Though both the UKHLS and the CSEW collect data via face-to-face computer assisted personal interviews (CAPI), the means by which the indicator on physical violence is collected is fairly different in each dataset. The UKHLS directly poses the following question to respondents: “In the last 12 months, have you been physically attacked in any of the places listed on the card? If so, which ones?”. Whereas the CSEW poses a series of screener questions regarding victimisation in the past 12 months, after which respondents are asked to provide a detailed account of each incident of victimisation. Trained coders subsequently assess these accounts to determine whether what has been reported by respondents represents a crime and, if so, which one. To determine an equivalent index as that collected in the UKHLS, we combined several offence codes.

Even though the questions are asked differently, the prevalence of violence in the two datasets was very similar at about 2.3% in the UKHLS and 2.1% in the CSEW, shown in table 1. When we look at differences in the prevalence between key demographic groups in figure 1, the UKHLS and CSEW show similar prevalence for men, between age groups, for most ethnic groups and for household income. The UKHLS appears to pick up slightly more violence experienced by women and Asian (British) people compared to the CSEW. Importantly, physical violence is similarly associated with self-rated general health in both data sources. Together, this suggests that the UKHLS’s indicator on physical violence is very similar to the CSEW indicator for physical violence victimisation.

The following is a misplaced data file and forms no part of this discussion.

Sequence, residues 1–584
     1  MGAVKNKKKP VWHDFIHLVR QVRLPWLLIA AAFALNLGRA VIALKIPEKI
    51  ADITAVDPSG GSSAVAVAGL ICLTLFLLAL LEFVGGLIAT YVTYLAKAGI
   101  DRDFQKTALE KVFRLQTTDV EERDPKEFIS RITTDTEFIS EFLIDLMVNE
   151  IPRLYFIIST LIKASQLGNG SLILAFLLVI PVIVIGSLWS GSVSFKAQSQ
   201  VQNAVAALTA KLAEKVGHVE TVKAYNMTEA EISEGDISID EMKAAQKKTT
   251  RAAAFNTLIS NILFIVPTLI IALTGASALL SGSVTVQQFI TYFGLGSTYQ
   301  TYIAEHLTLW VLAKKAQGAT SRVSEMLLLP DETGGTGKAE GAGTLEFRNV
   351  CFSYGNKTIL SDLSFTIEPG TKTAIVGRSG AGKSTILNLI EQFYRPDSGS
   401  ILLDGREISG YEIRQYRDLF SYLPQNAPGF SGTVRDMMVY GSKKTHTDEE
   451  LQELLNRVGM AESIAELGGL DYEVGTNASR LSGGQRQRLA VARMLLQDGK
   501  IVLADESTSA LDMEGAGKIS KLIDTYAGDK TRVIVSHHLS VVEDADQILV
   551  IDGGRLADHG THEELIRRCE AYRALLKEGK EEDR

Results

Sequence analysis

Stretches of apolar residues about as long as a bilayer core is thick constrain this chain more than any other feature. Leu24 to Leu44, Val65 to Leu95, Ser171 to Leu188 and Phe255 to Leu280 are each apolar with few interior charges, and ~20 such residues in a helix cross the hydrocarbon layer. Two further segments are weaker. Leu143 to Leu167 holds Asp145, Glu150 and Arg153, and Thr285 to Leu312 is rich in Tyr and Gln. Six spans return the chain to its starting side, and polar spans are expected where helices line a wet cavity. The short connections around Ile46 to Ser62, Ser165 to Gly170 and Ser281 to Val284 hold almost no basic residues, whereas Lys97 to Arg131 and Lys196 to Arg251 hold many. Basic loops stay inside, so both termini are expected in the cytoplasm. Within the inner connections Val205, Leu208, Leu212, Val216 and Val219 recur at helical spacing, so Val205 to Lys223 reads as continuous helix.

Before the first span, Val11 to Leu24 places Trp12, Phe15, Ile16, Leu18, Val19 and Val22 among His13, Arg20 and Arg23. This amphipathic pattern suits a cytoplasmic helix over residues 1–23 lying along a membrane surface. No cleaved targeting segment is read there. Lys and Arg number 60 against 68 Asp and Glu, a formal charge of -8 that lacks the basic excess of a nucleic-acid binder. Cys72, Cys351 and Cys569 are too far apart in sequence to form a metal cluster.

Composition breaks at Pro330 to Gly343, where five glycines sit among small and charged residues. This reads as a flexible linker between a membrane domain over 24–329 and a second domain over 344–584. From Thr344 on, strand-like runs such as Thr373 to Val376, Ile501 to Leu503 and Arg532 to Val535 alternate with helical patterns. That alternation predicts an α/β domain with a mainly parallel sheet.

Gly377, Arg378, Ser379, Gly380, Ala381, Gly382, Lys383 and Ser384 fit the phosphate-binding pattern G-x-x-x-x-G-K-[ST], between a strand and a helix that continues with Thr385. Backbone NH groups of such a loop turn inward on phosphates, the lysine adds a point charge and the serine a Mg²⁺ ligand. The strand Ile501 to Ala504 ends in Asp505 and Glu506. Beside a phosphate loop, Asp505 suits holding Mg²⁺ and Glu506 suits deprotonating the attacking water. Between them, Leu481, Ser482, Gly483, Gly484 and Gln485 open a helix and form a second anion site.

Threatened and insulted

The questionnaire wording for ‘being threatened’ are quite different in the two datasets. The UKHLS asks whether “in the last 12 months, have you been insulted, called names, threatened or shouted at, in any of the places listed on this card? If so, which ones?”. In contrast, the CSEW only focusses on the criminal classification of threatening someone. Similar to its collection of indicators on physical violence, once CSEW respondents answer positively to screener questions regarding victimisation, their detailed accounts are grouped into offence codes by trained coders, such as threat to kill or assault.

That the UKHLS asks about insults as well as threats whereas the CSEW asks solely about threats, is reflected in the differential prevalence: 14.1% using the UKHLS compared to 2.7% with the CSEW, as shown in table 1. Moreover, there are also significant differences in tendency by social groups in figure 1. However, when we look at the association between this indicator and self-rated general health, being insulted, called names, or threatened seems to be similarly related with health as the crime being threatened to be killed or assaulted. So, while the UKHLS indicator is much broader than the CSEW crime classification indicator, they are both quite strongly related to people’s health.

Feeling unsafe

Lastly, we compare the measures of feeling unsafe in both sets of data. The UKHLS asks respondents: “In the last 12 months, have you felt unsafe in any of these places? If so, which ones?”. While, the CSEW has a slightly more specific wording which asks respondents to consider if they have felt unsafe in (one) specific location and at night-time: “How safe do you feel walking alone in this area after dark? By this area I mean within 15 minutes’ walk from here.”